OPED: Conspiracy about survivors easily debunked

Christopher Brennan
Tribune News Service

Beyond failing to protect a generation of young people from regular mass shootings, the worst parts of the American public have now begun to question some of their existences.


Outlets such as InfoWars and the Gateway Pundit have reported that there are "questions swirling" over the media appearances of those who survived the attack on Florida's Marjory Stoneman Douglas High School last Wednesday.

The conspiracy, which resulted in the firing of the aide to a Florida state congressman who believed it, says that survivors David Hogg and Emma Gonzalez are paid actors who "travel to various crisis when they happen."

Marjory Stoneman Douglas High School student Emma Gonzalez wipes away tears during a CNN town hall meeting, Wednesday, Feb. 21, 2018, at the BB&T Center, in Sunrise, Fla. (Michael Laughlin/South Florida Sun-Sentinel via AP)

YouTube videos have focused on the fact that Hogg, a 17-year-old who has been particularly vocal in his criticism of the U.S. gun violence epidemic, gave an interview to a Los Angeles TV station last summer after he took a "viral video" of his friend's confrontation with a lifeguard over a boogie board.

Beyond the obvious fact that having once been to Southern California does not make someone an actor, conspiracy theorists interested in spinning shooter Nikolas Cruz's slaughter of 17 people could have debunked their own claim if they took their internet stalking one step further.

A reporter for Stoneman Douglas' student newspaper, The Eagle Eye, wrote her own account of her classmate's brush with the media, which happened when Hogg was on vacation.

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The conspiracy videos also focus on the fact that Hogg has said his father formerly worked for the FBI and that he is seen in one clip practicing lines for a camera, though the CBS segment that aired later acknowledged that he was reading from an essay.

FILE- In this Feb. 15, 2018, file image made from video, David Hogg talks about his experiences at Marjory Stoneman Douglas High when a gunman opened fire and killed over a dozen students and faculty in Parkland, Fla. Hogg and Emma Gonzalez, two students who survived the Florida school shooting and spoke publicly about it, are not "crisis actors," despite the claims of several conspiracy-oriented sites and an aide to a Florida lawmaker. (AP Photo/Joshua Replogle, File)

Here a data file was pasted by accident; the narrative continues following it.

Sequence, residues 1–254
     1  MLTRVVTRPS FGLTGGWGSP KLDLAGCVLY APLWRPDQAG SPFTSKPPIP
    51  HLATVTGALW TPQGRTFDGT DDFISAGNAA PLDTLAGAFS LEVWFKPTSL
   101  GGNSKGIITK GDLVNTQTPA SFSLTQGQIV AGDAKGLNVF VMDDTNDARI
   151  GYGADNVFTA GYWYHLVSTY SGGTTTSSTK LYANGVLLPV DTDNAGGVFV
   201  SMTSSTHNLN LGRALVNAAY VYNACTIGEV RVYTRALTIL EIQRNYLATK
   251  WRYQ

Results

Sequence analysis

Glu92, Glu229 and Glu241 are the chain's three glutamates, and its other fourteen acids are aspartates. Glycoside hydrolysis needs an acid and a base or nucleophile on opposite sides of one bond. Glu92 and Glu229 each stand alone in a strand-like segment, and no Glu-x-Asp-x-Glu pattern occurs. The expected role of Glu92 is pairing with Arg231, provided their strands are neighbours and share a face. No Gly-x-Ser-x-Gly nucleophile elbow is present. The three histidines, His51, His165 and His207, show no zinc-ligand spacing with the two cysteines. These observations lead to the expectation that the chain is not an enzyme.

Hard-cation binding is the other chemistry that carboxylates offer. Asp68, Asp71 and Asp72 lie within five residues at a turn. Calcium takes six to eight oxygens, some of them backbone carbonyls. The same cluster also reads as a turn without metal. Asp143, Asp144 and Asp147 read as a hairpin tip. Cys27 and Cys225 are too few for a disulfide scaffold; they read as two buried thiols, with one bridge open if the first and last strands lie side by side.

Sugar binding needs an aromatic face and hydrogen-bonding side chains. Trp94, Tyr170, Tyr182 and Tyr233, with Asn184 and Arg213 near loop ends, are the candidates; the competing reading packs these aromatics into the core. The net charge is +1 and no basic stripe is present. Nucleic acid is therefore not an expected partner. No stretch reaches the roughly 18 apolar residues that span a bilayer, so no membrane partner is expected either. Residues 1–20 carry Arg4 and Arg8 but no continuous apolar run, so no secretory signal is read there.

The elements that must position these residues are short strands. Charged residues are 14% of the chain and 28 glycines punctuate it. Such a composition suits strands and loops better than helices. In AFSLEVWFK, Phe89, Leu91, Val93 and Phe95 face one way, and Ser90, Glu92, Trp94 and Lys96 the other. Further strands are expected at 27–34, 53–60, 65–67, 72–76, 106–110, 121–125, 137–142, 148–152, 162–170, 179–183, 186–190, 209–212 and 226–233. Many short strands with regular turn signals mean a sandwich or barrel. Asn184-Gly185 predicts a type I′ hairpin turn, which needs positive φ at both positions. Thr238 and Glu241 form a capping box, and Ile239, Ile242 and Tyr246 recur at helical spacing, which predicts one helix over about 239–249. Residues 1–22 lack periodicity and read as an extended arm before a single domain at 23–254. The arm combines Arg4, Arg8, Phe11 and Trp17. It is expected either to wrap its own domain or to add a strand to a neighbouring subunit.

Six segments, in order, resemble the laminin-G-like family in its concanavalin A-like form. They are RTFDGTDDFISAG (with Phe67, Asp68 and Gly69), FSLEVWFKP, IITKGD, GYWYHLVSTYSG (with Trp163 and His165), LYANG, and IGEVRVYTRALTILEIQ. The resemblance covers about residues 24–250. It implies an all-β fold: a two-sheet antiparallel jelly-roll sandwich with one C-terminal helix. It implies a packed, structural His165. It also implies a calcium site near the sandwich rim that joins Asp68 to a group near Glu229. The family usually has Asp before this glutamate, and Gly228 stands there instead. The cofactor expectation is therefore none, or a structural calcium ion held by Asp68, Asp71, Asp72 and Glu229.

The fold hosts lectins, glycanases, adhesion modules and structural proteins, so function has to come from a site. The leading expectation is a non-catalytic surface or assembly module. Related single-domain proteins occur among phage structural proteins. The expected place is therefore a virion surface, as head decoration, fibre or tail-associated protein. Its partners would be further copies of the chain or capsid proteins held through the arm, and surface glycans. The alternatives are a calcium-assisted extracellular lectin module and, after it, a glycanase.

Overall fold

The Eagle Eye also contains other mentions of Hogg, who has said he wants to be a journalist, including him interviewing local Rep. Ted Deutsch last month and acting as president of the school's drone club.

Another article has a picture of Hogg from last December, and mentions that both he and Gonzalez, also 17, were part of a weather balloon project.

Gonzalez was also mentioned as the president of the Gay-Straight Alliance, and condemned a crackdown against gay rights in Egypt last October.

The "questions swirling" in the dark, nihilist corners of the internet come as students have taken the lead in calling for an end to the inaction that has normally followed mass shootings.

Some survivors were present at the Florida legislature on Tuesday and cried as lawmakers refused to take up a bill banning assault rifles such as the AR-15 that Cruz used.

One of those voting against it was the Tampa area's Rep. Shawn Harrison, whose aide Benjamin Kelly told the Tampa Bay Times that Hogg and Gonzalez were actors.

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Kelly was later fired, and Harrison said he was "appalled" by the comments.

Broward County Schools Superintendent Robert Runcie also confirmed to the Tampa Bay Times that Hogg and Gonzalez are students, and said that it was "outrageous and disrespectful" to say otherwise.

"If someone just has a different type of opinion, it seems that we want to somehow demonize them or color them as being somehow illegitimate instead of listening," he said.

— Christopher Brennan wrote this for the New York Daily News.